A lower cost of living, job opportunities and fewer concerns about COVID-19 have led more people to escape the cities for a country lifestyle - and a new push is on to lure even more Australians to the regions.
Since March city-leavers have driven down rental vacancies in regional areas, and in the case of the NSW Central Coast to below one per cent, far below vacancy rates in parts of Sydney and Melbourne.
A new alliance of regional councils and industry bodies, the Regional Activators Alliance, aims to achieve similar outcomes in other parts of the country.
In his announcement of a new national awareness campaign, Deputy Prime Minister Michael McCormack urged Australians to keep the regions in mind, saying that "now is the time to make the move".
"I have always said regional Australia is big enough in which to get a good cup of coffee, but small enough to care," Mr McCormack said.
"There are jobs, there is a better lifestyle and there is the opportunity to build a fresh start - regional Australia is the best place to live, work and raise a family."
The government-funded campaign is a joint effort with Regional Australia Institute - which has recently launched the Regional Activators Alliance aimed at driving population to the regions.
The alliance is made up of 36 representative organisations from across the country, including local councils, economic development groups and industry representatives.
Why would you sit in the city and in traffic when you can have this lifestyle?Dianna Somerville
Blue River Group head of community Dianna Somerville said that her organisation wanted to be part of efforts to bring people to the regions "to advocate for the job opportunities and quality of life".
"I moved back to the regions after a living in Sydney and Canberra and now do a lot of my work remotely from my own farm in Wagga Wagga," Ms Somerville said.
"I get to sit at my desk and look out over the amazing crops that we have, so why would you sit in the city and in traffic when you can have this lifestyle and opportunity?"
As metro areas continued to suffer job losses, Ms Somerville said that there was a major incentive to get out of the rat race and into areas where jobs were plentiful.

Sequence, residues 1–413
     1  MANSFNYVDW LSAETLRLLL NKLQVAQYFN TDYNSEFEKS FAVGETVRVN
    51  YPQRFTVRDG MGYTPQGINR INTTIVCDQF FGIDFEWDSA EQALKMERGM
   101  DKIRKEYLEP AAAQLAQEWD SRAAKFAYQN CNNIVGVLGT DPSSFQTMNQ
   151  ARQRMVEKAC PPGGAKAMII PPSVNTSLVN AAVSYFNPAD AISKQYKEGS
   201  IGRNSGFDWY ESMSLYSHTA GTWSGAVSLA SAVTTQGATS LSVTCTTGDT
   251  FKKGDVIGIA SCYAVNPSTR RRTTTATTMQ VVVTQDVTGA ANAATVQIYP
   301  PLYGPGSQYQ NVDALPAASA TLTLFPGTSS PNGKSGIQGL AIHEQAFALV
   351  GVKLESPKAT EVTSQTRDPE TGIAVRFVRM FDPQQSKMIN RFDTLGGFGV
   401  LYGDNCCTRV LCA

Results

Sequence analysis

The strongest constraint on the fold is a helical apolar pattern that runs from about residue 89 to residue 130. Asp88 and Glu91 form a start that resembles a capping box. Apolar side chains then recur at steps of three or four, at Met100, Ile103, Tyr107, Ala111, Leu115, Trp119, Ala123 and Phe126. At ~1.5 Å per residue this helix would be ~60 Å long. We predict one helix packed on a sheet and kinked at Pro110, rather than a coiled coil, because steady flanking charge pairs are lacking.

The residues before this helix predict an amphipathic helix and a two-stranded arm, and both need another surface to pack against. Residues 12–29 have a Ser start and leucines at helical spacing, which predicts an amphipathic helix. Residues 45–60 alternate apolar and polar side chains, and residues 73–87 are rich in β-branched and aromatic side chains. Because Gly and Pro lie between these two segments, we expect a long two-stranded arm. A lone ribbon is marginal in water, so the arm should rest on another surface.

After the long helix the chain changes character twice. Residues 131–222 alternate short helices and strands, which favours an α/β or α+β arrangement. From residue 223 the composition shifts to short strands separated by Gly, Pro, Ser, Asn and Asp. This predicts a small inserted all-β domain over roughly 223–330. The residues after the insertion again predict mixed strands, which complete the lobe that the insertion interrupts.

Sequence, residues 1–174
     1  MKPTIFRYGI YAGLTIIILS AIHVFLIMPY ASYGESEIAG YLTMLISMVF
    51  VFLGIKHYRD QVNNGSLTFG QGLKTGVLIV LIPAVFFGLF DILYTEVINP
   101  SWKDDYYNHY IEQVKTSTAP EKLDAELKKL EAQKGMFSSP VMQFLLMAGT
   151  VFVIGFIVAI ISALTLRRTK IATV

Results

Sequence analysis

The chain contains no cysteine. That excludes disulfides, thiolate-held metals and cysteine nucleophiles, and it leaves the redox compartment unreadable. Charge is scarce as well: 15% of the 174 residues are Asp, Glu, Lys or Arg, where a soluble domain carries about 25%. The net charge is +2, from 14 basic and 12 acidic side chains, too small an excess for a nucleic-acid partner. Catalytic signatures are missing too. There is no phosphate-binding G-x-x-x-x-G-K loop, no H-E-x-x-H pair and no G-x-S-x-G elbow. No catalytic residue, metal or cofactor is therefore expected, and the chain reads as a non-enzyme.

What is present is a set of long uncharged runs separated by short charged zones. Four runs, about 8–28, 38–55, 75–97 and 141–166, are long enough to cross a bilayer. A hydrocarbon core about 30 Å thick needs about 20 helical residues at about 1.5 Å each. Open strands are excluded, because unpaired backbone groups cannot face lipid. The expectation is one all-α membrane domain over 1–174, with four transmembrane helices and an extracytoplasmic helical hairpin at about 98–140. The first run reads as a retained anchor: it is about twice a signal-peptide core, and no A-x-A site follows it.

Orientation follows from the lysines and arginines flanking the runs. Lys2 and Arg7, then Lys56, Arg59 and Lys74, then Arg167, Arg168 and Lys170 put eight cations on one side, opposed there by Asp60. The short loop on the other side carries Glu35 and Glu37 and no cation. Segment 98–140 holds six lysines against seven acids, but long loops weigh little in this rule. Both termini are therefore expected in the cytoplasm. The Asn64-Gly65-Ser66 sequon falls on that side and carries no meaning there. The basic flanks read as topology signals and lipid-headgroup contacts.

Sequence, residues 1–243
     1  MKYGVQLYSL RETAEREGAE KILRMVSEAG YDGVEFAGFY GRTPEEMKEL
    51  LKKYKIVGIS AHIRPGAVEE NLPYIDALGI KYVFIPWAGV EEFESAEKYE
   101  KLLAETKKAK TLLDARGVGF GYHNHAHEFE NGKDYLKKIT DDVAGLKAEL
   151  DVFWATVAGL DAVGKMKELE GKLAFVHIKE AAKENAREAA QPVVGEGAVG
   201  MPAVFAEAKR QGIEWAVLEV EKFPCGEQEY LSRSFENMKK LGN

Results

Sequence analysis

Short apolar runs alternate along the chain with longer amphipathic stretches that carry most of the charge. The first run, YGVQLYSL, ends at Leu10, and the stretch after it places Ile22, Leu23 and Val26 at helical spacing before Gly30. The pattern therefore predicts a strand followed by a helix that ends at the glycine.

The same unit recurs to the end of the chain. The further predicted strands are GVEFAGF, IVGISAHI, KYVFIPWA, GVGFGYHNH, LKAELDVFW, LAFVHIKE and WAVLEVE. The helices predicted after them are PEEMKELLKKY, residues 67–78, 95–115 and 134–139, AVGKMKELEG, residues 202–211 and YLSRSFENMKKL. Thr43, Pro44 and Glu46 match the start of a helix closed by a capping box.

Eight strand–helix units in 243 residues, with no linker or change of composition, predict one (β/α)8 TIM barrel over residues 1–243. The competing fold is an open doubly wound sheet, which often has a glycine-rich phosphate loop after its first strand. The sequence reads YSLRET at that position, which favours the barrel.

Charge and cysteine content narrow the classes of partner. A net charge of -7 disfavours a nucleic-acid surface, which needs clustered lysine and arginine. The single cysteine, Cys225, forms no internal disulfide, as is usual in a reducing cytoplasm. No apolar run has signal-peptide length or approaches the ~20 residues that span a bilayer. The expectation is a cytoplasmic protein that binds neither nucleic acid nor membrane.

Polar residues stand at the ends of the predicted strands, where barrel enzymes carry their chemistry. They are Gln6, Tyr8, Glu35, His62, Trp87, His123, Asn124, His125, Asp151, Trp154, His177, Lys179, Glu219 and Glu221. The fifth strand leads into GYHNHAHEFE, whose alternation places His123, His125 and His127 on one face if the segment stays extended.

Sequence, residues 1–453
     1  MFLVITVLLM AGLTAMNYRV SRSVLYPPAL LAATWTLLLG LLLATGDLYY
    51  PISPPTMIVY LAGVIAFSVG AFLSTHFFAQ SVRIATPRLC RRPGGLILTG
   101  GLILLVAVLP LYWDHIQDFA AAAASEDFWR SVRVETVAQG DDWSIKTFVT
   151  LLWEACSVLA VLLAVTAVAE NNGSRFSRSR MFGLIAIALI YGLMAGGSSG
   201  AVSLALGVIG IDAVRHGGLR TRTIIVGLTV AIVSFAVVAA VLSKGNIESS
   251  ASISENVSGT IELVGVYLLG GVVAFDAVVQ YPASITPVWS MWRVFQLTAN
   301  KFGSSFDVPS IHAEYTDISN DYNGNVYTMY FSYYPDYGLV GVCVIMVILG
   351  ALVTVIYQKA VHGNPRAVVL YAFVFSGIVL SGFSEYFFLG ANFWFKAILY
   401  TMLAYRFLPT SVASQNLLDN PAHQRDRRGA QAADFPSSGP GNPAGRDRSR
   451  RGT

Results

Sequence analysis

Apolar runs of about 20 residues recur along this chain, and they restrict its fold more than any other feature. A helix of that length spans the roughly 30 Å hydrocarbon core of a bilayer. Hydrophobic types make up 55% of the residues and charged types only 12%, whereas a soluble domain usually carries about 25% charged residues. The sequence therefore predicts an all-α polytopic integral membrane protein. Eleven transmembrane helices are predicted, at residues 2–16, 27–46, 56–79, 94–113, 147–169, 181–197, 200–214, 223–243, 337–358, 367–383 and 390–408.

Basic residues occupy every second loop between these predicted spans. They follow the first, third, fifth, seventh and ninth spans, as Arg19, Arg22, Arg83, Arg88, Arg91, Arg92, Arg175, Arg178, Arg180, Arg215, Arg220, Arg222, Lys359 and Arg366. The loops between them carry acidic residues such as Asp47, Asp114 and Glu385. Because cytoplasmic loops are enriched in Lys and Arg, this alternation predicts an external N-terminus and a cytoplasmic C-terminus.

"There are so many jobs here and it's just a matter of filling them and welcoming new people into our communities," Ms Somerville said.
The Committee for Greater Shepparton has also signed up to be an RAA member. Chief executive Sam Birrell said driving investment into the regions was crucial to maintaining Australian quality of life.
"Do we want mega cities like New York or places like Germany which have medium-sized, interconnected cities? I think the population balance of the nation is important so we don't just rely on two mega cities," Mr Birrell said.
Central NSW Joint Organisation chief executive Jenny Bennett said that one of the alliance's main goals was to show people how much their quality of life could be improved.
"It's five minutes to travel to work, you can park, there's no queues, real estate is cheaper, you're closer to nature, and people's lives are a lot more manageable," Ms Bennett said
The campaign has also enlisted the help of communications agency Redhanded, to better understand how metropolitan Australians feel about moving regional.
But with working from home a new norm, Regional Australia Institute chief executive Liz Ritchie was confident more Australians could start a new life.
"We know the COVID experience has changed the notion of how we work and this presents an incredible opportunity for us," Ms Ritchie said
"Interest in regional Australia is certainly significant at the moment and with the help of RAA, we will create a strong brand campaign to elevate the regions even further."
The National Awareness Campaign will be launched in early 2021.